May 1965

In This Issue

Explore the May 1965 print edition below. Or to discover more writing from the pages of The Atlantic, browse the full archive.


  • Slaves for Rent: The Shame of American Farming

    The price we pay for agricultural prosperityfor crowded supermarkets and the highest standard of living in the worldis the heartless exploitation of millions of itinerant farm workers. Truman Moore, a twenty-nine-year-old free-lance writer-photographer, a graduate of the University of North Carolina, spent four years traveling the migrant streams and talking with growers,union officials, ministers, social workers,and the migrants themselves. The article following is drawn from his book THE SLAVES WE RENT,which Random House will publish later this month.

  • The Sin of Betting

  • The No-Sweat Garden Guide for Spring

    W. F. MIKSCH is a free-lance writer living in Newtown, Connecticut, and has contributed many fight pieces to Accent on Living.

  • Sex Without Popcorn

    ROBERT FONTAINE is the author of the Broadway hit THE HAPPY TIME and several books, and has written many light articles for the ATLANTIC.

  • Sojourn in Haifa

  • The New Folklorist

  • India

  • The California Sound

  • Record Reviews

  • The Peripatetic Reviewer

  • Reader's Choice

  • Potpourri

  • Science and Industry

  • Washington

  • Austria

  • The Plot to Drown Alaska

    Author of ROADLESS AREA, this year’s winner of the .John Burroughs Medal. Paul Brooks is a frequent contributor to the ATLANTIC, in addition lo his regular duties as editor in chief of Houghton Mifflin Company, In his article “Alaska: Last frontier(ATLANTIC,September, 196%) he pointed out (hat to the conservationist, liAlaska today offers us something that history seldom affordsa second chance/is the present paper makes clear, ill-conceived projects like Rampart Dam could destroy (hat chance forever.

  • The Other T. S. Eliot

    In his rise from an obscure poet to the author of those best-selling novels known as the ALEXANDRIA QUARTET, Lawrence Durrell had T. S. Eliot as his editor, and the Eliot he remembers, laughing, encouraging, and criticizing, is very different from that somewhat solemn picture of the Nobel Prize winner.

  • The Decline of Communism in Latin America

    Ernst 11 alper in. a research associate at the Center for International Studies of the Massachusetts Institute of Technology, has spent two years in Latin America studying Communism and has arrived at some surprising conclusions about its prospects below the border. Currently living in Bio de Janeiro, he has written for newspapers and many major periodicals and is the author of TIM: TRIUMPHANT HERETIC, a book about Tito.

  • Containing Communism: East and West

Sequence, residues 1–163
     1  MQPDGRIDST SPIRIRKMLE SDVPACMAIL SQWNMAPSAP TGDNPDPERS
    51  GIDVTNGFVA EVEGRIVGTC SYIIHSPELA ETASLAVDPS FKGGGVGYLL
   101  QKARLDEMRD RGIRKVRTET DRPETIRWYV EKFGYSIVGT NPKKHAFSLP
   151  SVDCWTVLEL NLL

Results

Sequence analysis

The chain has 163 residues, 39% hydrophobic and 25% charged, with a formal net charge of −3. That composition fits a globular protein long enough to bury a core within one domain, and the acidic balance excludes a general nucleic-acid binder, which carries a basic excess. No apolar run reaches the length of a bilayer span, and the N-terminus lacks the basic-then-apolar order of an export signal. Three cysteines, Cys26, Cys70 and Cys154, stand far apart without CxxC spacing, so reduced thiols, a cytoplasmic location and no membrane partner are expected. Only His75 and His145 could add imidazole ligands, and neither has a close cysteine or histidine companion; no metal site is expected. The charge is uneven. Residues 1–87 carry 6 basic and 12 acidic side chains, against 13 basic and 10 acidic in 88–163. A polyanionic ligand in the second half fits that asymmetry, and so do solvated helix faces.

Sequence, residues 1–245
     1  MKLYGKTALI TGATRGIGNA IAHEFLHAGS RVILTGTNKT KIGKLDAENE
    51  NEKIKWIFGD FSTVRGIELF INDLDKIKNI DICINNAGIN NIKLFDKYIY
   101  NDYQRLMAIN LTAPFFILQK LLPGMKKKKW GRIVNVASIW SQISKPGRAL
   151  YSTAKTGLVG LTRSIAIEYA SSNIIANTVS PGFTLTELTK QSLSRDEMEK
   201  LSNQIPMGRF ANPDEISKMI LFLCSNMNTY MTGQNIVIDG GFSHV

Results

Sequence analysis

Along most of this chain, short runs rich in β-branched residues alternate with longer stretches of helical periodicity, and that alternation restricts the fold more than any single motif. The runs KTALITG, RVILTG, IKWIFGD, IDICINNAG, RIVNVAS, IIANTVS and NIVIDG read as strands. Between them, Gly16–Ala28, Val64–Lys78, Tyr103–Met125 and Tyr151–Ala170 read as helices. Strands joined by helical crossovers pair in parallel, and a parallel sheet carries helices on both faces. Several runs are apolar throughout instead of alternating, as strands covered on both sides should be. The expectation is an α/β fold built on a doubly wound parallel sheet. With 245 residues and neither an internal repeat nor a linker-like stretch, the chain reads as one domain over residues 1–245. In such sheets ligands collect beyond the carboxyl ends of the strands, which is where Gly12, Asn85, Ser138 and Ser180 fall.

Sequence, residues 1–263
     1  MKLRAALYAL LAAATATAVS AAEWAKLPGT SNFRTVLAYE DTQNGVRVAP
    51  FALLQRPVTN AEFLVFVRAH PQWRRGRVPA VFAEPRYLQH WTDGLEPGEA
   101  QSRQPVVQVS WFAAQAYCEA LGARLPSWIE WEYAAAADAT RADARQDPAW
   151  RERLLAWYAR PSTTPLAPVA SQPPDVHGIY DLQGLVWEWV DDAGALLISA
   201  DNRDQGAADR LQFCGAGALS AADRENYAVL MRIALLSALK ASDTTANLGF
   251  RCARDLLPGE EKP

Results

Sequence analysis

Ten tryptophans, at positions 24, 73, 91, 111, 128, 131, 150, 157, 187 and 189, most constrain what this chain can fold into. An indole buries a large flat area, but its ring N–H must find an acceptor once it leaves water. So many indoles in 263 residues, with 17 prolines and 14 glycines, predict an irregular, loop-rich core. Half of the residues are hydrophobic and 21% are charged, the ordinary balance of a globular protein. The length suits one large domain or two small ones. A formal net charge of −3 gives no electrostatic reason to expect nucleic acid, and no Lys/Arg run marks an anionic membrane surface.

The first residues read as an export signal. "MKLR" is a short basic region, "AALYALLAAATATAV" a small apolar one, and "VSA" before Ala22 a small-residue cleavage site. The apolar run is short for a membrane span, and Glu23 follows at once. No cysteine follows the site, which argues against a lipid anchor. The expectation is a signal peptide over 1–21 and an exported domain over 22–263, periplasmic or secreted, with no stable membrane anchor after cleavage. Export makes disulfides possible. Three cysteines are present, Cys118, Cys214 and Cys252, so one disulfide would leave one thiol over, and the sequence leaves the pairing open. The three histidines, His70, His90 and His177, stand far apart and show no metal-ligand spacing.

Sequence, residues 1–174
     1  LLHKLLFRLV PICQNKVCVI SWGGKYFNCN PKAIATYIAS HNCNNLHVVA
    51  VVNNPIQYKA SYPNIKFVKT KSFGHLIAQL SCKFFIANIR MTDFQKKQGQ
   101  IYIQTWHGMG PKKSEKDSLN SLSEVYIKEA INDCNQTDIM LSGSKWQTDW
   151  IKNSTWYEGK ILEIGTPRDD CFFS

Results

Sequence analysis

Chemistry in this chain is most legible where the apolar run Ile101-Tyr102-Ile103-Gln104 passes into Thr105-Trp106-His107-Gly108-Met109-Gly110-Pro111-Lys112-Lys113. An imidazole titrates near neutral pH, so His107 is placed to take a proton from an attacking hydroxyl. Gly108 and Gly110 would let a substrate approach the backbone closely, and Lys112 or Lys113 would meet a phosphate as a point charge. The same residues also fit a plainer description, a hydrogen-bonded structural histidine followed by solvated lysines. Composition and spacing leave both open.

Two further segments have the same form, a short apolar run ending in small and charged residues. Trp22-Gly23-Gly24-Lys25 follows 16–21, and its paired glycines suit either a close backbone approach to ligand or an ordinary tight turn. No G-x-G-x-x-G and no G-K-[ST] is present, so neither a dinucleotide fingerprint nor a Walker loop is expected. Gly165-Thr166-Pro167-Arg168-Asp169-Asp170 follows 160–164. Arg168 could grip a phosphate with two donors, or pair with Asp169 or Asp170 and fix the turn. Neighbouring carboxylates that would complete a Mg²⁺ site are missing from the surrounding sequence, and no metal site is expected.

A wide-ranging research associate at M.I.T.’s Center for International Studies, Mr. Griffith sees vital need for continued firmness in United States policy toward both of the major disputants in the Communist world. Author of many books and policy studies, including the recent volume THE SINO-SOVIHT RIET, he calls for a program that will curb Red Chinese expansionism as effectively as the post-war policy of containment has restricted Soviet expansion.

  • Wood

    A graduate of Stanford, Wallace While began his writing as a reporter on the Salt Lake TRIBUNEin 1952. Seven years later he joined the staff of the NEW YORKER and has been there ever since.

  • In Retrospect

  • How to Sleep With a Dyne

    When in Scandinavia last spring, Phoebe Lou Adams found much to enjoy in Denmark—the Viking ships, the old forts, the strange food, the hospitable people; but when it came to the sleeping arrangements it was a different story. Miss Adams’ first book, A ROUGH MAP OF GREECE, has just been published by Atlantic—Little, Brown.

  • The Brush of a Comet: Archibald Macleish at the Library of Congress

    In the spring of 1939, President Franklin D. Roosevelt had been mulling over the question of who would succeed Herbert Putnam as Librarian of Congress. Dr. Putnam, a scholar, had made the Library attractive to foreign visitors such as J. J. Jusserand, the French ambassador, and Lord Bryce, the British ambassador. The President was tempted to appoint Archibald MacLeish, and sought the advice of his friend Justice Felix Frankfurter.

  • Don't Give Us Your Tired, Your Poor

    Under this pseudonym two young librarians have collaborated in writing a good-natured expostulation about their profession. Librarianship, they point out, is extremely demanding, and librarians need plenty of musclephysical, mental, and moral.

  • Private Services for Dylan Thomas, Theodore Roethke

  • William Golding

    A British novelist who began his career as a teacher, William Golding participated in heavy action as a naval officer in World War II, and then returned to teaching until the success of LORD OF THE FLIES in this country brought him freedom to write full time. The reasons for his immense popularity among undergraduate readers are here scrutinized by Kenneth Rexroth, poet, painter, and critic.

  • Country Girl

  • Challenging the Gifted Bronx High School of Science

    Since its foundation twenty-seven years ago, the Bronx High School of Science has taken pride in the outstanding record of achievement of its graduates. Last year, its 900 seniors all went on to college, winning more than 700 scholarships. Scientist, teacher, and principal since 1958, Alexander Taffel describes in detail the goals and methods of this fine school, which has served as a model for many schools here and abroad.

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